This post is about one of my concerns about backyard poultry keeping. How do you keep the chickens, eggs, the owner and her kids safe from the bacteria that often surround hens? Professional egg farmers invest a lot of time and money in sanitary programs, egg handling procedures, audits and environmental controls in order to keep the food supply safe. Backyarders don’t necessarily have the ability to do these things.
Now, don’t get me wrong, chickens are not walking bacteria factories…..well, I guess they are, but no more than a dog or cat. The difference is that a) you don’t eat your dog or cat, or their products, and b) most owners pick up after their dog, and cats have litter boxes. Chickens, like all birds, and most toddlers, are indiscriminate poopers….wherever, whenever the urge strikes. Often in the most awkward places, like the nest, or on an egg, or on the kid’s tricycle, if they have access to it. And the bad news is, poo is FULL of bacteria…even from healthy birds, and, while most of the bacteria actually won’t cause disease, enough of them will that it is a real risk.
When designing your coop, it is crucial to think ahead and set it up in such a way that
every aspect of the coop is clean-able. This speaks to materials….wood is considered un-cleanable by professional egg farmers….you can pressure wash it with hot water and detergent, disinfect it with strong disinfectants, and it will often still give a positive on a bacterial test. The reason is that it is porous, and the little critters get snug little hidey-holes that protect them from being cleaned out. Painted wood is much better, smooth plastic is better yet, and the Cadillac of clean is stainless steel.
The next important consideration for safety and hygiene (now that you built a stainless steel coop 😉 ) is nest design. This is where your eggs are going to be placed, all moist and warm, early in the morning. Then they sit there, and cool and dry off. As they cool,
the contents contract a little, actually acting as a tiny bit of suction through the pores of the egg shell….if the nest is dirty, there is a reasonable chance that some bacteria could get sucked into the shell matrix, or even into the egg itself.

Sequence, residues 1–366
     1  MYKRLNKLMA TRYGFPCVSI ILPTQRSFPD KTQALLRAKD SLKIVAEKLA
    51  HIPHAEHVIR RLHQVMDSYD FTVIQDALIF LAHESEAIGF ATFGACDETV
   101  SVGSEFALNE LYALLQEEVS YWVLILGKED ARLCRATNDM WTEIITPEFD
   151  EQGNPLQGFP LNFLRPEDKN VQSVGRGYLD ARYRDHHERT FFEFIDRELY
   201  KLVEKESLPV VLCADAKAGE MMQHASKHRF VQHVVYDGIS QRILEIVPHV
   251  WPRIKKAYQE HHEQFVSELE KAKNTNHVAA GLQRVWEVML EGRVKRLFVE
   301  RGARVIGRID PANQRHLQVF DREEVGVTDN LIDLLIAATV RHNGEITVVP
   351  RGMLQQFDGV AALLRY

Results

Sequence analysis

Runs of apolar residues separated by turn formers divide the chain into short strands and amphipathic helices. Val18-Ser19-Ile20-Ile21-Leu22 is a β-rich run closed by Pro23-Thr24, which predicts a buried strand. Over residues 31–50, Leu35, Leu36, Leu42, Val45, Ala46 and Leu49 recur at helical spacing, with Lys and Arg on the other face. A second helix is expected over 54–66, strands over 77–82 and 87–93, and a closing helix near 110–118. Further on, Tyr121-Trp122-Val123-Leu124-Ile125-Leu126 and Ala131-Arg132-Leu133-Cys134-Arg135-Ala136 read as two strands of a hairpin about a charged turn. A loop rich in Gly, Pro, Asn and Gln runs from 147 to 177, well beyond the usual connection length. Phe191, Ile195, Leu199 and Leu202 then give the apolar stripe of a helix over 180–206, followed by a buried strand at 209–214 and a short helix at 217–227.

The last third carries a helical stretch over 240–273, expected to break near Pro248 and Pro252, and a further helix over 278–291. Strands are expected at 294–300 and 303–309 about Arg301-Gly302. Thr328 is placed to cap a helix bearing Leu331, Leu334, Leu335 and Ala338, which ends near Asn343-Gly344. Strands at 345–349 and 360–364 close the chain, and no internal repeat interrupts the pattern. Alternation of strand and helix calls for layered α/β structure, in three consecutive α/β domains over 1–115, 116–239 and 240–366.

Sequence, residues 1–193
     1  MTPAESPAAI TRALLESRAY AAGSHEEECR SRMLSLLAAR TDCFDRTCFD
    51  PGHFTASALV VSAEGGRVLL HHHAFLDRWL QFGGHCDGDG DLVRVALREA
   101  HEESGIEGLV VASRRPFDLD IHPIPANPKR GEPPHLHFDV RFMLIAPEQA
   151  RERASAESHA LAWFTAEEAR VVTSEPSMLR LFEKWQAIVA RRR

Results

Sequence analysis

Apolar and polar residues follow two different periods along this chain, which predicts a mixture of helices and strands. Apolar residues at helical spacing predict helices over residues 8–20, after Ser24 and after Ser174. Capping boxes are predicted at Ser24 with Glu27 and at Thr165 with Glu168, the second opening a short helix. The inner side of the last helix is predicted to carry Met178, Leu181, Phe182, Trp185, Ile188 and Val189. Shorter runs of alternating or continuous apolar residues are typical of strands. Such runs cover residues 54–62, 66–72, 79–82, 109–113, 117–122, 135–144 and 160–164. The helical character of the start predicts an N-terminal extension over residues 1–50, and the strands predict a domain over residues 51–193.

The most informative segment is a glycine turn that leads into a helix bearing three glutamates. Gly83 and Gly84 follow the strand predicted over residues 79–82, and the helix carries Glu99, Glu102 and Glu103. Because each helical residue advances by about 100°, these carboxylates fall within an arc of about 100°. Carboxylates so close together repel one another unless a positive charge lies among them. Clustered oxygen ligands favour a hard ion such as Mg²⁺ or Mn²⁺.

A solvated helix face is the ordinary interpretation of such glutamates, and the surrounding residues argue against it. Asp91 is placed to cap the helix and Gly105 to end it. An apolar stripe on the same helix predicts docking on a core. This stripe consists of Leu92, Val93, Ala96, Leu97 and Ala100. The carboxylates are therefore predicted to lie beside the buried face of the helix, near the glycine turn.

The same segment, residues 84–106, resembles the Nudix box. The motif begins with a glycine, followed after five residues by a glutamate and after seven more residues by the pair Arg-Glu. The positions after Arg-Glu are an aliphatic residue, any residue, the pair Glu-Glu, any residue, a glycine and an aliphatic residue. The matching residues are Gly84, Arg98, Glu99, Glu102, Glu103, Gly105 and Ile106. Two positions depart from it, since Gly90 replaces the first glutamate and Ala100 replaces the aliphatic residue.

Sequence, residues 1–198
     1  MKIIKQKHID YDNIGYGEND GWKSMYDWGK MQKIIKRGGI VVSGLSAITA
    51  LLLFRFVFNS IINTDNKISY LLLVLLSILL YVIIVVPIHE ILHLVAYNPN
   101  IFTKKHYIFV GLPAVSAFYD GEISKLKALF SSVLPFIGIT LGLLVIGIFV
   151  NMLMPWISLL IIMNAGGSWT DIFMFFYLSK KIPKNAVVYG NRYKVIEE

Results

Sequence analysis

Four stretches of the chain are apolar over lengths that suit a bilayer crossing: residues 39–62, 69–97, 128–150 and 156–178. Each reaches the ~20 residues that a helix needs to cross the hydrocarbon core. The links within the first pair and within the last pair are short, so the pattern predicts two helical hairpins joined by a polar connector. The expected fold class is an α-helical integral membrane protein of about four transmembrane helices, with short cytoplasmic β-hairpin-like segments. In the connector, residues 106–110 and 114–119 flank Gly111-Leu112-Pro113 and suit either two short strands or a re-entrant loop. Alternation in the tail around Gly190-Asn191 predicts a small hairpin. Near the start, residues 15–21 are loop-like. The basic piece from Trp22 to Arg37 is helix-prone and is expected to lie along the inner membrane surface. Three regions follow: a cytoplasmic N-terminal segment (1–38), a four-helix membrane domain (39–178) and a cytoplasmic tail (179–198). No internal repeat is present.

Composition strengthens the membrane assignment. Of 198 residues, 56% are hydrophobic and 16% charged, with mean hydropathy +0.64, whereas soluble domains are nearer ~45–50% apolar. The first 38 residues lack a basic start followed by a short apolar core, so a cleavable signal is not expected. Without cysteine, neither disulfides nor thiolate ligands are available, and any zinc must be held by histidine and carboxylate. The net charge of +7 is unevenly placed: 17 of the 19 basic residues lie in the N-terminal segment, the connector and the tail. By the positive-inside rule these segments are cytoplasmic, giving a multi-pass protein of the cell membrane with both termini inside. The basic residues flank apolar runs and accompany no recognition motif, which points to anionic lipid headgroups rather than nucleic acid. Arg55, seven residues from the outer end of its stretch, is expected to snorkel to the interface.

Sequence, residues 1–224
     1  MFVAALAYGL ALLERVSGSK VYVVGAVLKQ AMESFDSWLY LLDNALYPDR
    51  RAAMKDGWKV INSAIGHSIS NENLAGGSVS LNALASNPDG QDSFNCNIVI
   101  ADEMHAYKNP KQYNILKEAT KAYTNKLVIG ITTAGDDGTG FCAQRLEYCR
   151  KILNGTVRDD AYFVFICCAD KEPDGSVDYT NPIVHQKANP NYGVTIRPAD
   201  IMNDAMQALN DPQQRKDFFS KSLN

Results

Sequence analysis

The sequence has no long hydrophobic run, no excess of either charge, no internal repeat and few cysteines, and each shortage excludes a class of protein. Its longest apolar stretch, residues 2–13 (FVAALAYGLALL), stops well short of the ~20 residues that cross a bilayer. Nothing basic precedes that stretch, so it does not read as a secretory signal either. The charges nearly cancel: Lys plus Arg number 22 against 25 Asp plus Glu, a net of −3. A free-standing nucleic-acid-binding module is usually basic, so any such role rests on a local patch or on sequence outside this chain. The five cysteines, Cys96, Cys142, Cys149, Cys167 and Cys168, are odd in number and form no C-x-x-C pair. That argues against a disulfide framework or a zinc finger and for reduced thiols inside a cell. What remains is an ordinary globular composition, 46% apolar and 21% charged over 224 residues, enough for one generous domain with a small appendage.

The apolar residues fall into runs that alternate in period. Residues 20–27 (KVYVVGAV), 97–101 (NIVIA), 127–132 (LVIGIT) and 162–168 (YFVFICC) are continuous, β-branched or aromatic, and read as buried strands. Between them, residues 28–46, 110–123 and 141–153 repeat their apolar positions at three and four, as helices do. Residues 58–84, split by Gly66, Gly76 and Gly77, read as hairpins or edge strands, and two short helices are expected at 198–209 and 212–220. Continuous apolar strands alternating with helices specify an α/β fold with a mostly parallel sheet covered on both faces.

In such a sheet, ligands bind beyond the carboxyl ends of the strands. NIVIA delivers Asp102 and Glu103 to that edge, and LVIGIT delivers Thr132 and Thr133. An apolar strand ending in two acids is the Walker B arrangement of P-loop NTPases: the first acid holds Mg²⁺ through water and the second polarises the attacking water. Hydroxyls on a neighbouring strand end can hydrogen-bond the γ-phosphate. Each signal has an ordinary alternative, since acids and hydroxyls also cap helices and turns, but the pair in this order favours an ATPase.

Design your coop so that the nest-boxes can be cleaned out EASILY. Easy clean out means it will happen often. If the cleaning process is awkward, or messy, or annoying in any way, it will happen less and less often….it’s human nature. Drawers are a great idea, which allow for easy egg collection, and simple clean up.
Other considerations for managing your backyard chickens is dealing with eggs that may be dirty; getting eggs cool as soon as you can, and keeping them that way; and developing a system of cleaning up the areas that the hens have access to….this includes the ground in the chicken run, which will accumulate bacteria and nitrogen until it gets “fowl sick” and won’t grow anything at all. These are topics for another day, but keep em in mind….especially if you have little kids who like to play with the hens.
Mike the Chicken Vet.
Hi there, I am a big fan of your post I find it very educational and fun to read. I was wondering if you know of any chicken coops made of plastic or stainless steel in Ontario for sale? I have looked at the Eglu but do not want to order it all the way from England or America. Also what breed of chicken do you recommended for a beginner? thanks
Hi! Thanks for reading. Unfortunately, I am not going to be too much help to you here. I can source some coops, but they are from europe or the US…same as you. There are a ton of plans for wooden coops, and if you use covered plywood (regular plywood covered with thin skins of plastic), the coop would be very cleanable, and spray insulation can make anything airtight and very warm. If you do decide to make your own coop, there are some things to keep in mind…I touched on some of the high points in a few of my early posts. Please let me know if you have any specific questions, and I will try to help as I am able.
As for breeds, there are a ton available. One of the best on-line resources is here: http://www.strombergschickens.com/prod_detail_list/white-egg-layers . My own experience is primarily with white leghorn and brown commercial strains, either of which are quite hardy and great layers.
hi MIke, what do you think of the eglu chicken coops?
I think the eglu is a good, simple option, if you only have a couple hens. It can also be a useful little shelter in a more elaborate set up. The best part of the design is how easy it is to clean, being hard plastic, and that it is insulated, which helps in both hot and cold weather.